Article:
Applying to a college is one of the most confusing aspects of your Oxbridge admission, but one that is worth thinking about before sending your application.
As all prospective Geography students know, Geography is a diverse subject with many subdisciplines. A-Level Geography students will recognise the two main subdisciplines as Human and Physical Geography, but at the undergraduate level Geography diversifies further, allowing students to explore the areas they are interested in most.
At university Geography tutors specialise in their own area of academic research – from animal geographies to geomorphology – and this can affect what and how they teach their students.
After considering which colleges offer Geography, the location of the college in relation to the town, the size of the student population in each college, and what each college can offer you in terms of money and facilities, I suggest one other aspect which can make your application stand out from the crowd.
My top tip, whilst considering which college to apply to, is to do some research into the tutors you may encounter at your chosen college. Not only are they the ones likely to be conducting your interviews, but they will also be your academic mentors for the entirety of your degree.
This information is readily available in the subject prospectus and on the Internet, but a list of all academic staff at the School of Geography and the Environment at Oxford can be found here.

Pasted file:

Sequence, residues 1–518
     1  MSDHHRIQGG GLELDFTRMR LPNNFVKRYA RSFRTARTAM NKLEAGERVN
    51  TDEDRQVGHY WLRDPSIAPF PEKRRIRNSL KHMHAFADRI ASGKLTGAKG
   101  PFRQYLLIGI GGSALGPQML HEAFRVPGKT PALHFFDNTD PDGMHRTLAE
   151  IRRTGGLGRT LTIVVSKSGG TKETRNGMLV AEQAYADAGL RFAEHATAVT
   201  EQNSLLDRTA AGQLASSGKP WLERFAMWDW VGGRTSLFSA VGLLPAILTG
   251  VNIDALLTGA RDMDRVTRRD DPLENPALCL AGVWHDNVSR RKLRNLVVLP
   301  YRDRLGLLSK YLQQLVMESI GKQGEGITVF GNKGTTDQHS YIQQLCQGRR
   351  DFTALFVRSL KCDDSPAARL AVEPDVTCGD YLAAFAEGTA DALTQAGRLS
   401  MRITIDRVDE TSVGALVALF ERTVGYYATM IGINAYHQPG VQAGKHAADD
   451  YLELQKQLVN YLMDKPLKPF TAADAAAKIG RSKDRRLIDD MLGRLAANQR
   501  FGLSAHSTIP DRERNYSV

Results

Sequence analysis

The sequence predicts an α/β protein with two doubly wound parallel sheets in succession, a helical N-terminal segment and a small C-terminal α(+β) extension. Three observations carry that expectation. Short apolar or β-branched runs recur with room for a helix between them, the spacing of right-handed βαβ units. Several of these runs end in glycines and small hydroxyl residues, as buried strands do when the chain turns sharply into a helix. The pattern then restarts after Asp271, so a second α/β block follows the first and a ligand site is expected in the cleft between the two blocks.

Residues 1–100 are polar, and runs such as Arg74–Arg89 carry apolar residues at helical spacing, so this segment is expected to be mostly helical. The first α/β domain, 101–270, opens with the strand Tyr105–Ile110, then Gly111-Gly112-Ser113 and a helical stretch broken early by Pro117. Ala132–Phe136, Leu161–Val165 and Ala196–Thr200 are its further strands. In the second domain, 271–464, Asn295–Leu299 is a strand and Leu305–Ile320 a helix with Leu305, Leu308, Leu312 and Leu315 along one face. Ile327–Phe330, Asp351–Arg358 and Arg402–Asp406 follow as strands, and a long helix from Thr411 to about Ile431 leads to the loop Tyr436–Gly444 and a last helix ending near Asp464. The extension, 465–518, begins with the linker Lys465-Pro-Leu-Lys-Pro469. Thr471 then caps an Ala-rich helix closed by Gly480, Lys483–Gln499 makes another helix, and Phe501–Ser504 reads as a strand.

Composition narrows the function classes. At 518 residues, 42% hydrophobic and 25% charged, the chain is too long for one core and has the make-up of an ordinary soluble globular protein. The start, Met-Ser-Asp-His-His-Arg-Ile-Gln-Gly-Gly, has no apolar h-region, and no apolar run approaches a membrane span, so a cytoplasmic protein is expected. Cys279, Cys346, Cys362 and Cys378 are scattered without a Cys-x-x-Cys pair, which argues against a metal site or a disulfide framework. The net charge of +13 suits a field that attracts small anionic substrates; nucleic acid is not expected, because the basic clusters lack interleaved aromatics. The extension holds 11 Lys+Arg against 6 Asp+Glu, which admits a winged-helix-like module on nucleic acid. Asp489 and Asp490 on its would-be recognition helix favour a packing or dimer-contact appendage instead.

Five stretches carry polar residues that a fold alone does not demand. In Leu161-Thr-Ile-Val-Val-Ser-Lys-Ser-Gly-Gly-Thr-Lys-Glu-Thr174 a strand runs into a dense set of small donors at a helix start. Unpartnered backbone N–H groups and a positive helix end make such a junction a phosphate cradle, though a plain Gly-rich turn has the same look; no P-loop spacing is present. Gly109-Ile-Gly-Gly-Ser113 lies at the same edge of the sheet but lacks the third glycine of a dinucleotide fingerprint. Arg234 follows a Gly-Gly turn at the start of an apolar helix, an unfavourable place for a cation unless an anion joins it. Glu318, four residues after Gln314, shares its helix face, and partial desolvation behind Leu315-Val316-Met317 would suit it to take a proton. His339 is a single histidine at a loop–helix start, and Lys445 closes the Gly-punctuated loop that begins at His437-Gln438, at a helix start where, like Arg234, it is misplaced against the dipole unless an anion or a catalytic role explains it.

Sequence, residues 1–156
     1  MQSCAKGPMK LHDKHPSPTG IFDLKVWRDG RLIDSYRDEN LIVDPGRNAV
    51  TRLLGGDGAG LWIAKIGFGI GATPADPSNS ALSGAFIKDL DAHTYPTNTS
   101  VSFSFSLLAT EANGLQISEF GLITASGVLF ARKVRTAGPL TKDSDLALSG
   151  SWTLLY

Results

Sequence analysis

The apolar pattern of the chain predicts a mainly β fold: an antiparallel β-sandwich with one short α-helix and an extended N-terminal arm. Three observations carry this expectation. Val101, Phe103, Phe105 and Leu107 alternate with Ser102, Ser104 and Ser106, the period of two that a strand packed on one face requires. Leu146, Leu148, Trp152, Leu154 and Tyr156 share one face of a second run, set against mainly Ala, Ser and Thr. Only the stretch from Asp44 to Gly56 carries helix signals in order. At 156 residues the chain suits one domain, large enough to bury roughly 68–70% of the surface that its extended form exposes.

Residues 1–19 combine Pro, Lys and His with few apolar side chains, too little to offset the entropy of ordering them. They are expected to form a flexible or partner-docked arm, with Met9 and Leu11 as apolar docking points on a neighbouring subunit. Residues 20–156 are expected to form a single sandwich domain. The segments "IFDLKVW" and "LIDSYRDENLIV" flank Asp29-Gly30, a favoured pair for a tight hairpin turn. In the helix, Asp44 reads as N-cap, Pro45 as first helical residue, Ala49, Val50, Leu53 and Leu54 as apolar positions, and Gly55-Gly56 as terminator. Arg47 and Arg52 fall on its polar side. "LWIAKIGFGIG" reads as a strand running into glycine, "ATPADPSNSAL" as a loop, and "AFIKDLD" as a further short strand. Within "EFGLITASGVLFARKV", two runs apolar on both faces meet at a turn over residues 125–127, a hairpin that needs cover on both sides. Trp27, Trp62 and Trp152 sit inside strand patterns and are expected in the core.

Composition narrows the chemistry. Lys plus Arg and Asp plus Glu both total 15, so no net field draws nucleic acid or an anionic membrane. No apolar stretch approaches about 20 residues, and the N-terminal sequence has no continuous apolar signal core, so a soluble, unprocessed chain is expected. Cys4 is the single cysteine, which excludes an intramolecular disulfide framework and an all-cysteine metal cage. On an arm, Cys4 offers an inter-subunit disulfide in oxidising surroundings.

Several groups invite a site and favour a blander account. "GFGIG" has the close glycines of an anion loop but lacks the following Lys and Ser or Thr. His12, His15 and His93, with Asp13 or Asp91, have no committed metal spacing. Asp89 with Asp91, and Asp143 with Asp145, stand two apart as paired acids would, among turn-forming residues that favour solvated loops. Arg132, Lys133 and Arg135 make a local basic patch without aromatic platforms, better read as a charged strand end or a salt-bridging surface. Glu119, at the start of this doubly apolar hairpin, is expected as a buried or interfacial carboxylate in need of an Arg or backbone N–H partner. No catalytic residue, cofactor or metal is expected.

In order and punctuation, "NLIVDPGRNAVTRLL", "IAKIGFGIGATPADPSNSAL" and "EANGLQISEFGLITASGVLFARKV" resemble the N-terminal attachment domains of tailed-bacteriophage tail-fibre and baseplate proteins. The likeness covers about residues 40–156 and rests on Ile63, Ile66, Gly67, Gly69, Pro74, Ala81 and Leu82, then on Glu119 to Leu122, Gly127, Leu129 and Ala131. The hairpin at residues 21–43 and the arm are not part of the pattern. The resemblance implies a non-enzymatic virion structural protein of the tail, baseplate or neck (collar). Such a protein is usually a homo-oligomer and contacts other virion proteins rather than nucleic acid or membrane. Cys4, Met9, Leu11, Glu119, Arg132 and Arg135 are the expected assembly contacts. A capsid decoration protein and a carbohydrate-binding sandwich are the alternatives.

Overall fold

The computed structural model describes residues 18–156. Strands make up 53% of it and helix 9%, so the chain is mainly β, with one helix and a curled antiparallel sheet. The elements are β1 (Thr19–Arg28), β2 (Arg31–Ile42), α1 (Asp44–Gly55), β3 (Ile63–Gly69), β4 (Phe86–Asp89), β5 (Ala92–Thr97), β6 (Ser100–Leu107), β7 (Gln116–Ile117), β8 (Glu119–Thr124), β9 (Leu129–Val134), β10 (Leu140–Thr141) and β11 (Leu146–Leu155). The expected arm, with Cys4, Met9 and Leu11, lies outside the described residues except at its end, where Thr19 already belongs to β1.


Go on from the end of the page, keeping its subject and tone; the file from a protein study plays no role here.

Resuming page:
Your tutors matter for a number of reasons. As mentioned earlier, Geography is a diverse subject and you will be required to study both Human and Physical Geography in your first year at Oxford. However, if you have already developed a specific interest you want to take further, it could be useful to consider a college with a tutor that specialises in your desired area.
Try reading a couple of academic articles or books by tutors you find interesting, or simply reading their profiles on the department’s website. These small things can give you an insight into what life is really like as an undergraduate Geographer, and help you to stand out at interview. This does not mean obsessing with the academic work of the tutors at your chosen college; wide reading is important and reflects the diversity of Geography.
Despite this, it is important to remember that all tutors are very well equipped and experts in the course. Whatever your interest, tutors will accommodate this, and lectures and tutorials are regularly conducted by tutors outside of your chosen college. Whilst tutors can make a difference, it is the responsibility of the students to put in the effort that matters most. Choosing a college is not reducible to one factor, however considering your tutors may be advantageous at interview and throughout your Geography degree.